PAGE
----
The Treasury has reached a negotiated settlement of the long-running legal dispute with one of the 13 Anglo Leasing companies, clearing the main hurdle that has delayed plans to raise money from international markets.

Treasury secretary Henry Rotich told the Business Daily that the government has negotiated a Sh1.4 billion ($16.4 million) settlement with Mercantile Finance Corporation of Switzerland, paving the way for issuance of the Sh174 billion ($2 billion) Euro Bond “in a matter of months”.

“We have more or less closed the chapter on this Anglo Leasing thing. The only pending issues are criminal investigations that are ongoing,” he said.

Part of the proceeds of the bond will be used to retire a two-year Sh52 billion ($600 million) loan borrowed from a syndicate of European commercial banks in mid-2012 while the rest of the money will go towards financing this year’s budget.

When the government issues the bond – and consequently staying out of the local domestic market – the prognosis is that local interest rates will start trending downwards.

This means the planned Eurobond is one of the levers the government wants to use to drive down domestic interest rates.

In December last year, a London Court made an $18 million (Sh1.5 billion) award against the government to Mercantile Finance Corporation. Last month, the Swiss company gave the government an ultimatum to pay up or have its properties abroad attached or auctioned.

The government had been weighing whether or not to pay for what – in the public domain – is still regarded as one of the biggest financial scandals to have happened under former president Mwai Kibaki.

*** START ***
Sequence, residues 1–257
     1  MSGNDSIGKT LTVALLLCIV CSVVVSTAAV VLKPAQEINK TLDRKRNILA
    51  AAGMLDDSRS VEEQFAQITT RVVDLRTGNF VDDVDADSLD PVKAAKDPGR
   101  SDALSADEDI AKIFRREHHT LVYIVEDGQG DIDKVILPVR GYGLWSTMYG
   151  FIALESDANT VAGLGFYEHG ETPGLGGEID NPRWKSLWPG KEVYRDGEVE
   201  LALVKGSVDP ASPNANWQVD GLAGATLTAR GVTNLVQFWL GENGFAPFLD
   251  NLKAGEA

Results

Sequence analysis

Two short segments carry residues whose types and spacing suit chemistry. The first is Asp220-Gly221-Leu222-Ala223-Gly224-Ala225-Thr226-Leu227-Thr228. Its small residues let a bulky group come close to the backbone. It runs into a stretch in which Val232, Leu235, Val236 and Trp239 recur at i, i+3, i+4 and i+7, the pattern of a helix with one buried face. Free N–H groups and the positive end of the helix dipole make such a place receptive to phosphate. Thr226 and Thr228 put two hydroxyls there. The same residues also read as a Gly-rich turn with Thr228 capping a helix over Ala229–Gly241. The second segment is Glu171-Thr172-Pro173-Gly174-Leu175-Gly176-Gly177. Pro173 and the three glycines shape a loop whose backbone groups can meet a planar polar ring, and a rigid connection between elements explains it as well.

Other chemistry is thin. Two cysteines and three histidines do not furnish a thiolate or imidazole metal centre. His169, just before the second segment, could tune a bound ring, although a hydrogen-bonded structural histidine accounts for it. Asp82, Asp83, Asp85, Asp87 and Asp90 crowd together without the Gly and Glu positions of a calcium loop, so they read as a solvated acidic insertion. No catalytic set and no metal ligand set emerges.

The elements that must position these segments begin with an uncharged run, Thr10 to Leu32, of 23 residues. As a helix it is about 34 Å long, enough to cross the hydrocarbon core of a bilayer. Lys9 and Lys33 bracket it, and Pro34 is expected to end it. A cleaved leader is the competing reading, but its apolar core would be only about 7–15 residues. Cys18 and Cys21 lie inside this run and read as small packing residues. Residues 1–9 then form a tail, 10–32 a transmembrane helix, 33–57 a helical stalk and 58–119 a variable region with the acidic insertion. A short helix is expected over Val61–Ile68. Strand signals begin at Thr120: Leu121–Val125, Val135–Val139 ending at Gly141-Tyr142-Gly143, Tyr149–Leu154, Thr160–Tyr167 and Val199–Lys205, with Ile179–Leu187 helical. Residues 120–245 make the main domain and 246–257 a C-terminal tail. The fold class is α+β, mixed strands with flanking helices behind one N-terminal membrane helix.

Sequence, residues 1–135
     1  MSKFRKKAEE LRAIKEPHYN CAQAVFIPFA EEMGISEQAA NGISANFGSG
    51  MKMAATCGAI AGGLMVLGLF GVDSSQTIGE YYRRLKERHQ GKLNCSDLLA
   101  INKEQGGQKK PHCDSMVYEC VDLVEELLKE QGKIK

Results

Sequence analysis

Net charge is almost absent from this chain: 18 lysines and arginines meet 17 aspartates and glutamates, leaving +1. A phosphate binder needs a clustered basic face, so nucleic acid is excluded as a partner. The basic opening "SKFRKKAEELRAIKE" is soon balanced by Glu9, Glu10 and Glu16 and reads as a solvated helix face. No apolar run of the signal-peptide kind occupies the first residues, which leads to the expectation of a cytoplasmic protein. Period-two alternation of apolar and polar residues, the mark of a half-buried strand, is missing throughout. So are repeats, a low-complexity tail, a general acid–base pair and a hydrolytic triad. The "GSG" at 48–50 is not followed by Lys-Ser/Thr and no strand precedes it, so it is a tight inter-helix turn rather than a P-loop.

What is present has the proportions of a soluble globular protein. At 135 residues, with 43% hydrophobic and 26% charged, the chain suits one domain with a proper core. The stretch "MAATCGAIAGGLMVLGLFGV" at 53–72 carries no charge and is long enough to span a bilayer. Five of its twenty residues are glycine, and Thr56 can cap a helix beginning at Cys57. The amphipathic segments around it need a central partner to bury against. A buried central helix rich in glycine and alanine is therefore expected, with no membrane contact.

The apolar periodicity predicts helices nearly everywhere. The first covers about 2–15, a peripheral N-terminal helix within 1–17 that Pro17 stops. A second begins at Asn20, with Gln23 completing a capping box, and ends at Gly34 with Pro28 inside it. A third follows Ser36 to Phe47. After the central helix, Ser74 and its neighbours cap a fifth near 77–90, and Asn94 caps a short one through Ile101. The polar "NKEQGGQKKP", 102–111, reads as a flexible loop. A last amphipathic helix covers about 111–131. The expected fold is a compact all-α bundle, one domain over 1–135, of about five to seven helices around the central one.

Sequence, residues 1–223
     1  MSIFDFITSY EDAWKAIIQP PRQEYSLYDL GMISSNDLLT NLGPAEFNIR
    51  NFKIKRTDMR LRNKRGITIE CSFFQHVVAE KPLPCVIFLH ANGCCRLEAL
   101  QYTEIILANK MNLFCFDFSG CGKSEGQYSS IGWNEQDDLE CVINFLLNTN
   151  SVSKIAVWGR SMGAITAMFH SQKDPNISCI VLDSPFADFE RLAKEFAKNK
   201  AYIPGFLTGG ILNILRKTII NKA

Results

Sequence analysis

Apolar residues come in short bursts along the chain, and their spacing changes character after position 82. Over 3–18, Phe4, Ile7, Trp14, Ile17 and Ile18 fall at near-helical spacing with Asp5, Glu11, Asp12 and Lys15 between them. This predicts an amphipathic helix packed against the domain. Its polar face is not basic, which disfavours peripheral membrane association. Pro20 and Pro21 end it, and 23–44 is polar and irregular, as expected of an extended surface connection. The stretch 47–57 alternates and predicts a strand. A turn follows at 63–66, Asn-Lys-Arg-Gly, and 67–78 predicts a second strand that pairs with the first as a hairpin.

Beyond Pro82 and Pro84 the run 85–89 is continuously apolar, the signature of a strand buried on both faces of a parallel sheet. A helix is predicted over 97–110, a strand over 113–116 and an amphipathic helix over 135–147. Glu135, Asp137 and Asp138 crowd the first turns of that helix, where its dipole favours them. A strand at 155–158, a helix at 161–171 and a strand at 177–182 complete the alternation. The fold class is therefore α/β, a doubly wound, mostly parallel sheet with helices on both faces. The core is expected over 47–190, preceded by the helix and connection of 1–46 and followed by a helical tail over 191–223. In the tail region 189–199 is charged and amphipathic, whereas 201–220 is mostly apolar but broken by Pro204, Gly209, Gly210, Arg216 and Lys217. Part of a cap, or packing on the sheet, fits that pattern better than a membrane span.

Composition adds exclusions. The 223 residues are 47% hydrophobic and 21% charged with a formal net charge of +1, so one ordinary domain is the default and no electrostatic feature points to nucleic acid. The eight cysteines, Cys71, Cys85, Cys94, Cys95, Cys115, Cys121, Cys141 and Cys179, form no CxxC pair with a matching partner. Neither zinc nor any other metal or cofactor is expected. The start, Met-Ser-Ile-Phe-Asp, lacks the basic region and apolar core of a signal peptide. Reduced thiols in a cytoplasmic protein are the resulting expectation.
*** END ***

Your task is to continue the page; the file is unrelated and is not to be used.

But the realisation that the planned Eurobond was not going to happen as long as the dispute with the Swiss company remained unresolved appears to have forced the government to pursue a negotiated settlement that Mr Rotich says has been concluded.

Reality also dawned on the Kenyan government that opportunities for appealing the London court’s decision did not exist – the dispute having stayed in European courts for many years, through countless stages of litigation.

People familiar with the matter said the political sensitivities surrounding the Anglo Leasing affair had forced the Treasury to mobilise a broad consensus within the government on how to navigate around the London court’s judgment.

The list of institutions, agencies and departments that the Treasury roped in to help negotiate a settlement with the Swiss firm includes Parliament, the Ethics and Anti-Corruption Commission and the Office of the Attorney General.

Last month, Mr Rotich asked Parliament to approve a settlement with the Anglo Leasing company, saying that the government needed to respect the orders of international courts for Kenya to maintain its reputation as a law-abiding nation.

“Refusing to pay only taints the country’s image and damages our credit risk profile,” Mr Rotich said, adding that the government could not afford to overlook the matter at a time it was preparing to go to international markets with a sovereign bond.

Budget committee chairman Mutava Musyimi said there was a real need to clear the debt without delay.

“The discussion about Anglo Leasing contracts came up at one of our meetings, and it was considered a challenge we have to deal with. It is now up to the State Law Office and Treasury officials to tackle the matter, but we agree that these are genuine concerns that need answers,” he said.

First Mercantile was to provide financing for the purchase of satellite telecommunication equipment for the Postal Corporation of Kenya as part of the multi-billion- shilling deals that the government signed with European firms in 2004.